When it was announced that a Tokyo headquartered publisher commissioned a Brisbane studio to create a London Olympics game, I admit, it was difficult to keep quiet and smile politely.
I’m not exactly going to cheerlead thousands of Britons to each pay £40 for a sports game that will thrive at retail due to the London Olympics craze – which itself only exists because the taxpayer is already forfeiting £9.3 billion – only to have all the game’s huge proceeds be sent overseas.
But despite this deal exposing global trade at its most unprincipled, at least there was something positive to be taken from it.
At least, I thought, the Australian games development sector – which has capitulated in the most astonishing fashion across the past two years – would still have a triple-A studio with work to be done.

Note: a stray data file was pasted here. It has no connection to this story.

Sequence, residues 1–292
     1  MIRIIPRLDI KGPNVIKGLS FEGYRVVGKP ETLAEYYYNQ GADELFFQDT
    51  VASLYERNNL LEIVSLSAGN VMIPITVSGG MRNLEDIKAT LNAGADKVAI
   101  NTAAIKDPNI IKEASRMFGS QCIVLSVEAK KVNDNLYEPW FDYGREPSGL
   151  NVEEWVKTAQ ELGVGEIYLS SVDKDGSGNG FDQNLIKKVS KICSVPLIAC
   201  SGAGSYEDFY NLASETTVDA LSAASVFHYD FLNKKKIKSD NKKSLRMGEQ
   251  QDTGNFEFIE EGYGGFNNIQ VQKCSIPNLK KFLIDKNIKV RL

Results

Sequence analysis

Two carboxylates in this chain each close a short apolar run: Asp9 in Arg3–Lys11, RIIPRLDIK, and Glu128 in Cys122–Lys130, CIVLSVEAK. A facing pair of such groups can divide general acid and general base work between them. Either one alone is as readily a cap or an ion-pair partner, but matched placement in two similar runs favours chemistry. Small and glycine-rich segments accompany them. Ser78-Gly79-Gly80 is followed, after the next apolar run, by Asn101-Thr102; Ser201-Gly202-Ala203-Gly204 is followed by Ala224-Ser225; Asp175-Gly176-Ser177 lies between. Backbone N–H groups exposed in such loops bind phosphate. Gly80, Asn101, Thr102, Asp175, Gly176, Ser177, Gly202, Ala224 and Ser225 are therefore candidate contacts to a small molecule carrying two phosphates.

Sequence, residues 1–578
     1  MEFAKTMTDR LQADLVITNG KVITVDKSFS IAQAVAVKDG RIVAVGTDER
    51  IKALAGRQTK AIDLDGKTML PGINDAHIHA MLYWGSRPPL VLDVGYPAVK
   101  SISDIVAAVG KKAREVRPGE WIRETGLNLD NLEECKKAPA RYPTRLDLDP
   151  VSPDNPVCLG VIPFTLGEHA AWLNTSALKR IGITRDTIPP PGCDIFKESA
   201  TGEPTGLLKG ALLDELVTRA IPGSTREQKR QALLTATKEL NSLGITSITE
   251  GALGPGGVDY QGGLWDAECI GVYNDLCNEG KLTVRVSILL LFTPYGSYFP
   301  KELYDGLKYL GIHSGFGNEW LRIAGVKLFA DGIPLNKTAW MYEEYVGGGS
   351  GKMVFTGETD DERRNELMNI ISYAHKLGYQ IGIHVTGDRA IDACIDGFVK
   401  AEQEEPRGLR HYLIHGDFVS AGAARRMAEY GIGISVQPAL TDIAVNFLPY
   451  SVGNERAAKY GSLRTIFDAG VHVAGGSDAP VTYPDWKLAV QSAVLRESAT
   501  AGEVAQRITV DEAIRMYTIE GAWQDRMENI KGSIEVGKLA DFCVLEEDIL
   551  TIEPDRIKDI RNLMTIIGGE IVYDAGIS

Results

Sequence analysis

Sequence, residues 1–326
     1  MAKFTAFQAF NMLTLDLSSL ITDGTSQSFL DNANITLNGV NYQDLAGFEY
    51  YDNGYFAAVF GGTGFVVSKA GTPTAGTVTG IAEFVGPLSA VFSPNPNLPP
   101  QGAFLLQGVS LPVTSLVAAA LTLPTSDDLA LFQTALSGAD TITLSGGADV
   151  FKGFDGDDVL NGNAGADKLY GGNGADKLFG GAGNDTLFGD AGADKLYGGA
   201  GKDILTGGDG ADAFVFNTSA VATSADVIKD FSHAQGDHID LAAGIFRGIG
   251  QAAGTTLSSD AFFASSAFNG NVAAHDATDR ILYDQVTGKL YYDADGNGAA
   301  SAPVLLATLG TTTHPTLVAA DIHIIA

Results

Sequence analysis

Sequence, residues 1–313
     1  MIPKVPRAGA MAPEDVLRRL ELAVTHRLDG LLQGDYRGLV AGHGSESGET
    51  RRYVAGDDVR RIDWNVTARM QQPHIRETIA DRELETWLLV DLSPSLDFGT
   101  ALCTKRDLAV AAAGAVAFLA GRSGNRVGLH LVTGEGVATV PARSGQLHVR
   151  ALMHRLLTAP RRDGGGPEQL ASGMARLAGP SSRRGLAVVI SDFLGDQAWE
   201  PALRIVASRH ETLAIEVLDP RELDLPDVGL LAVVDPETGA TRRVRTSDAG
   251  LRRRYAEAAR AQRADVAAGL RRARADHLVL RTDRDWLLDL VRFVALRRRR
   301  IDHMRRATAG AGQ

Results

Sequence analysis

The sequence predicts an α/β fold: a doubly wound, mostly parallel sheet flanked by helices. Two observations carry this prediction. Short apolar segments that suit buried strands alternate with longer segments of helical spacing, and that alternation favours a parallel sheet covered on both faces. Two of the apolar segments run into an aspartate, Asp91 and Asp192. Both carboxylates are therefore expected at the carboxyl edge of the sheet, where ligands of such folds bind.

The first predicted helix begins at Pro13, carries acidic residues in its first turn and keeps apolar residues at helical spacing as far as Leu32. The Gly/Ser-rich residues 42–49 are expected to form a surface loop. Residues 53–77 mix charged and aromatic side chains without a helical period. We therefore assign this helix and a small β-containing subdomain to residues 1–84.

But that silver lining has dissipated. This week Sega decided to add another 40 developers to Australia’s unemployment queue.
As I understand it, that means a majority of the Sega Australia’s workforce has been released – seen off the moment they finished work on the London Olympics game.
The studio, now restructured, will proceed with development on smaller digital games. For Sega this may be part of a wider plan to modernise its business, but in truth it will be a very hard sell.
Put simply, why would Sega Australia developers build digital games for Sega when they can do it themselves?
The App Store, Xbox Live, SEN, Facebook, Android, Steam, the open web – these platforms have revolutionised game development. They make the dream attainable: Start your own studio, create what you want, keep your IP, take a huge royalty margin, work for yourself.
What would Sega Australia offer? Work for us, create what we say, give us your ideas, take a salary, and – as history continues to teach us – lose your job when the work is done.